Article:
My interest was piqued when I read more than a week ago that former child star Kirk Cameron and his ministry partner Ray Comfort were going to debate two atheists on ABC’s Nightline and through ABC’s Internet site. What piqued my interest is what Cameron and Comfort claimed they could do—prove scientifically the existence of God without the Bible and without faith.
I have to confess that when I say my interest was piqued what I mean is that I was kind of shaking my head back and forth saying, “Uh oh, we may be in trouble.”
No offense to Cameron and Comfort; they have a thriving ministry and are reaching a lot of people for Christ. I’m not faulting them in that sense. But there are three things that, personally, I think they should not have engaged in:
Proof “without faith,” and
Debating the Rational Response Squad in the first place.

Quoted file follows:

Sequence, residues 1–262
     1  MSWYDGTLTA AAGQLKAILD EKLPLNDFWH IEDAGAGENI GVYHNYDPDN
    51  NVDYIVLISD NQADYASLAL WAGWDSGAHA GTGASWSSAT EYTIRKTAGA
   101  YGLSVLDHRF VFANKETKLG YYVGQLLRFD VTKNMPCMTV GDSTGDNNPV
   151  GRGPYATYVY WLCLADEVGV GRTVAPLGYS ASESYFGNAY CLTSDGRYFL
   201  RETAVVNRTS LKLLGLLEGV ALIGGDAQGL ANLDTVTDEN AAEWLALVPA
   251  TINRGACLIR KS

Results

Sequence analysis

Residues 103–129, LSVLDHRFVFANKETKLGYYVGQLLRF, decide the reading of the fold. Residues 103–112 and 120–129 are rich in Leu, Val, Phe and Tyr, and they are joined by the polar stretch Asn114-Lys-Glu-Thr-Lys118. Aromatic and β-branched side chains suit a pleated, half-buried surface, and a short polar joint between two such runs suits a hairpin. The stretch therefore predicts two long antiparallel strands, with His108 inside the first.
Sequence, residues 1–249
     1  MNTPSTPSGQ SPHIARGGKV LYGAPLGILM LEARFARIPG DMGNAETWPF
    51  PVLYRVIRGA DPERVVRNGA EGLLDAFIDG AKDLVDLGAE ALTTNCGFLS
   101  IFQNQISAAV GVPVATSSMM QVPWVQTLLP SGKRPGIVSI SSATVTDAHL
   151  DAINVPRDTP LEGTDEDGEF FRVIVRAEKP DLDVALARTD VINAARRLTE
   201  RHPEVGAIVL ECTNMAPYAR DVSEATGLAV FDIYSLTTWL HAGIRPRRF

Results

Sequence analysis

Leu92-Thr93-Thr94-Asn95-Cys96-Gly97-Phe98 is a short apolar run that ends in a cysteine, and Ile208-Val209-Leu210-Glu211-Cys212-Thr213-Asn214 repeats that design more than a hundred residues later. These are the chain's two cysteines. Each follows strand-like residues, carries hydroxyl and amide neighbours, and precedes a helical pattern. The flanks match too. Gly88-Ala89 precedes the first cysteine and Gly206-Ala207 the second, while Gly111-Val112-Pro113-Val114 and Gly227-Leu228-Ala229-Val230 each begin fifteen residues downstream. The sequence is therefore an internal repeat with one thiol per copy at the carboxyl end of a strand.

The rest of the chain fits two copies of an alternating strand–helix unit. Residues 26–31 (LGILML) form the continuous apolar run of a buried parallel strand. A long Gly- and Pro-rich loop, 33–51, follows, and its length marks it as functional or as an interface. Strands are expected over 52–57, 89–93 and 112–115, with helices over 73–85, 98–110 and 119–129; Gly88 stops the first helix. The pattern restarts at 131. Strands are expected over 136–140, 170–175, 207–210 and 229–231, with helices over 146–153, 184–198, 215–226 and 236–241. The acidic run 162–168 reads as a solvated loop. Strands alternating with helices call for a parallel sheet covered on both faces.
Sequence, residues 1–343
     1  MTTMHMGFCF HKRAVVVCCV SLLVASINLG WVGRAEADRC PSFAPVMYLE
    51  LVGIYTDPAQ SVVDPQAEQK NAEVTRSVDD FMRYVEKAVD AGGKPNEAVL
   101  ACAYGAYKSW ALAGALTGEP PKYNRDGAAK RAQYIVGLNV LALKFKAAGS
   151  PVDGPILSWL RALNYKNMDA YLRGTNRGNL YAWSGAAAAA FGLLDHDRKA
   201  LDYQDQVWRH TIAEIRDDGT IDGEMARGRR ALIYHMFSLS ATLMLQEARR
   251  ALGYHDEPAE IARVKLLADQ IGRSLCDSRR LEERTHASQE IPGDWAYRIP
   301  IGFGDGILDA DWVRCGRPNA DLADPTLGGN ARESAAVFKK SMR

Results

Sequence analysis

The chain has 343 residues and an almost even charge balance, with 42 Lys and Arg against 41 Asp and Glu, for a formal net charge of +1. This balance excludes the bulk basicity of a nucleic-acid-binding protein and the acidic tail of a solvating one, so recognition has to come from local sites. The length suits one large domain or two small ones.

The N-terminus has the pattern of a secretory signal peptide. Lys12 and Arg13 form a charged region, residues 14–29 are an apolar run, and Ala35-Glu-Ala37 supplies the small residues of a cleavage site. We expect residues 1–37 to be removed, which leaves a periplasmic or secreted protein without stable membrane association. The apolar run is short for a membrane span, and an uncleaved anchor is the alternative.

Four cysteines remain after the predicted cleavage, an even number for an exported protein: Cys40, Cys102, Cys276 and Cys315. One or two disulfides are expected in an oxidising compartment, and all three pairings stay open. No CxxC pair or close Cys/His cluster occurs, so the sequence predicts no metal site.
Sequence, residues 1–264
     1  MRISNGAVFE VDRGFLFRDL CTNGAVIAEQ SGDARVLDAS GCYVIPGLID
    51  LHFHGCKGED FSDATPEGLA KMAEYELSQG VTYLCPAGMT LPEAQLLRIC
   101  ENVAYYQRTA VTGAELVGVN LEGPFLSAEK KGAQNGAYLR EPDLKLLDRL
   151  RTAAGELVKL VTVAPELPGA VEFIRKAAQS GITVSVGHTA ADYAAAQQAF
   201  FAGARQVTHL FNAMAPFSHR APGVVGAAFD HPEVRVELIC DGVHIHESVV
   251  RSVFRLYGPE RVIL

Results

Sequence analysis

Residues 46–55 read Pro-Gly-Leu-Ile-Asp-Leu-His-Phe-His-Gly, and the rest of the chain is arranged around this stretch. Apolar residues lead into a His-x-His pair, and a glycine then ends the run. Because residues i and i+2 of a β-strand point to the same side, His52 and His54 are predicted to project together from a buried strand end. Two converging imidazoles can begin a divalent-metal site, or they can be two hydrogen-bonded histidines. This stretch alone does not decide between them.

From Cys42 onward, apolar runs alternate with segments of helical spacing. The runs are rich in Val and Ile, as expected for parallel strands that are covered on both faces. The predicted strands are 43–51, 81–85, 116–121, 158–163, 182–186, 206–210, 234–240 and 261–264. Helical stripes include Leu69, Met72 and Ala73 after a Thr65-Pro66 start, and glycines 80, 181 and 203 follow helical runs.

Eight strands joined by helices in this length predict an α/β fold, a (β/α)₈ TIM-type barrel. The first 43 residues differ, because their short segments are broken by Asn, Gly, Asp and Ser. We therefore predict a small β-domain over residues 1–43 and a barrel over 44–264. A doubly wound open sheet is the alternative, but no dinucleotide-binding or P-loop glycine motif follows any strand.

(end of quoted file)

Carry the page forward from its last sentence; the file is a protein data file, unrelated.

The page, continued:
I supposed I really should not say much about the first point of contention. I’m not a scientist yet I possess of number of books on the sciences and creation all authored by some top people in their fields. I’ve used their materials to write articles, and for supportive research. But I’m not a scientist and I wouldn’t claim to prove the existence of God scientifically.Cameron and Comfort are not scientists—not by a long shot. When I watched the opening statement by Comfort online I admit that he had some interesting points, but they were not scientific by any means. His primary reasoning was not scientific, it was analogy. There’s nothing wrong with using analogy to reason with someone, but reasoning by analogy is not scientific anymore than Comfort’s infamous Coke can is beaker. Of course the rebuttal by the Rational Response organization wasn’t scientific either, but that’s not really the point I want to address (their honest or intentional misunderstanding of the Bible was so profound that I’d have to write several articles just to deal with the lunacy that came form their mouths. It’s a pity that people so ignorant of what they are really arguing against hold to it so dogmatically that they insist others intentionally declare themselves damned along with them).